Any commercial computer repair technician who has knowledge of or observes, within the scope of the technician's professional capacity or employment, a film, photograph, video tape, negative, slide or other visual depiction of a minor whom the technician knows or reasonably should know to be under the age of eighteen, engaged in prohibited sexual acts or in the simulation of prohibited sexual acts, shall report the depiction to an appropriate law enforcement agency as soon as reasonably possible. The computer repair technician need not report to law enforcement depictions involving mere nudity of the minor, but shall report visual depictions involving prohibited sexual acts. This section may not be construed to require a computer repair technician to review all data, disks, or tapes delivered to the computer repair technician within the computer repair technician's professional capacity or employment.
 commercial computer repair technician who has knowledge of or observes, within the scope of the technician's professional capacity or employment, a film, photograph, video tape, negative, slide or other visual depiction of a minor whom the technician knows or reasonably should know to be under the age of eighteen, engaged in prohibited sexual acts or in the simulation of prohibited sexual acts, shall report the depiction to an appropriate law enforcement agency as soon as reasonably possible. The computer repair technician need not report to law enforcement depictions involving mere nudity of the minor, but shall report visual depictions involving prohibited sexual acts. This section may not be construed to require a computer repair technician to review all data, disks, or tapes delivered to the computer repair technician within the computer repair technician's professional capacity or employment.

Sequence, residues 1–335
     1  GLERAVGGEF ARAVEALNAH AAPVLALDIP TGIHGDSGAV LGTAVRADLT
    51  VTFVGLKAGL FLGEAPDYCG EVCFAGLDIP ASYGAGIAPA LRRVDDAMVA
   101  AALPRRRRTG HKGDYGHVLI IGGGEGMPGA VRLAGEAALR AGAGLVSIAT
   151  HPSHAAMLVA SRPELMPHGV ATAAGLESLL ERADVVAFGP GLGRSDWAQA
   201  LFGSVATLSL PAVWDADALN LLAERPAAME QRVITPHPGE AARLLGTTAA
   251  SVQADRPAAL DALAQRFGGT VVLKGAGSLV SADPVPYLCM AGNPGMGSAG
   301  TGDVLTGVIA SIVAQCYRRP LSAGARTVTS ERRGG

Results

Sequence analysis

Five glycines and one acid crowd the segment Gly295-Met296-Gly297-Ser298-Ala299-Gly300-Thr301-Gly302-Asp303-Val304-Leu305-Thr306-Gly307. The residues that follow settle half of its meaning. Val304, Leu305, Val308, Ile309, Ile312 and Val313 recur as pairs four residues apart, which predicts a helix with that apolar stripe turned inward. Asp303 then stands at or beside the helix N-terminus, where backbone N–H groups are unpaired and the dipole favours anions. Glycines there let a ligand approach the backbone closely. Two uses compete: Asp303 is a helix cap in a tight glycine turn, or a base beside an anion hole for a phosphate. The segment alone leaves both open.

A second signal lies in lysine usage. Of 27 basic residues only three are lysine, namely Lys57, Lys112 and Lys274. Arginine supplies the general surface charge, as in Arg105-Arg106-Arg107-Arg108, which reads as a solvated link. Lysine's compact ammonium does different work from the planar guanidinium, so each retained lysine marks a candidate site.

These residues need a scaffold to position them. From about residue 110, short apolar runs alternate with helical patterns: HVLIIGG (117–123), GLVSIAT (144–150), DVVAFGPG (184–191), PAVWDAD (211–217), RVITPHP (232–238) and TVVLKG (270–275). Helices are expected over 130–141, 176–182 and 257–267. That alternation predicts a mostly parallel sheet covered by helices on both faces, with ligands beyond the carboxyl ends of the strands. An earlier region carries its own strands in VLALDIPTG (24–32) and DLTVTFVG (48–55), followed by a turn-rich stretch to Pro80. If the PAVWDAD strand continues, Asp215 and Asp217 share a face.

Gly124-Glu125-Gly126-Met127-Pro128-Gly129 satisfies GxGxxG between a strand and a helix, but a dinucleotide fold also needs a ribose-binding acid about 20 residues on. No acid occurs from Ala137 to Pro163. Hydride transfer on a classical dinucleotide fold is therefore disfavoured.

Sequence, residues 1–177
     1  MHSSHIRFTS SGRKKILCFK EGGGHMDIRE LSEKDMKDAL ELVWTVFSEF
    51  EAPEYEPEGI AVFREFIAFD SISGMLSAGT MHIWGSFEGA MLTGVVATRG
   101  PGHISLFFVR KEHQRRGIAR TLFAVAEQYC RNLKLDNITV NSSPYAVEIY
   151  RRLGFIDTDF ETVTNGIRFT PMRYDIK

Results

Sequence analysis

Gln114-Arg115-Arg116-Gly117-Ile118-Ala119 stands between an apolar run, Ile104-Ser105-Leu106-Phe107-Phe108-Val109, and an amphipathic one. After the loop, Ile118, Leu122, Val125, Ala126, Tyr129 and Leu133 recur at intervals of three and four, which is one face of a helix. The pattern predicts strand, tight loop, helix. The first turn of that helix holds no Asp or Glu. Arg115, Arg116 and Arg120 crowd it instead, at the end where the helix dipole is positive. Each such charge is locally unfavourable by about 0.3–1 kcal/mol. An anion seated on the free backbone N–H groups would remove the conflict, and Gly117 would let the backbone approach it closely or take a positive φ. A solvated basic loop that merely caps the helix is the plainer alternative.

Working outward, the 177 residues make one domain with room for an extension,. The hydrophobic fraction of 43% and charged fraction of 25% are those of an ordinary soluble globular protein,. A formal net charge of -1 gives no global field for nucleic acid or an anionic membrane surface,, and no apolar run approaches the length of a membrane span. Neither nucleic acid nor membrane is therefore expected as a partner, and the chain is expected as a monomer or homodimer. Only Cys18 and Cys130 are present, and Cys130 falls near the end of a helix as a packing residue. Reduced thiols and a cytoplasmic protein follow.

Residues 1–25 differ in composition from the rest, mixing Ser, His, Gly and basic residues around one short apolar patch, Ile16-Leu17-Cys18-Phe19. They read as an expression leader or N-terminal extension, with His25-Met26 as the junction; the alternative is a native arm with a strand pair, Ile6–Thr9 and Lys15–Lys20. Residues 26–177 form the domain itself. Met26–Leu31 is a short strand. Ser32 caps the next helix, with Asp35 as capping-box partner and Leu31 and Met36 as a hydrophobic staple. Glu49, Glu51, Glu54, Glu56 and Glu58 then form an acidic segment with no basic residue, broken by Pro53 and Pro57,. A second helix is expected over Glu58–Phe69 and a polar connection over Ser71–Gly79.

A violation of this section is a Class 1 misdemeanor. However, a violation of this section does not constitute grounds for a civil action for damages against any person.
 

Texas

Texas Business & Commerce Code, § 109.001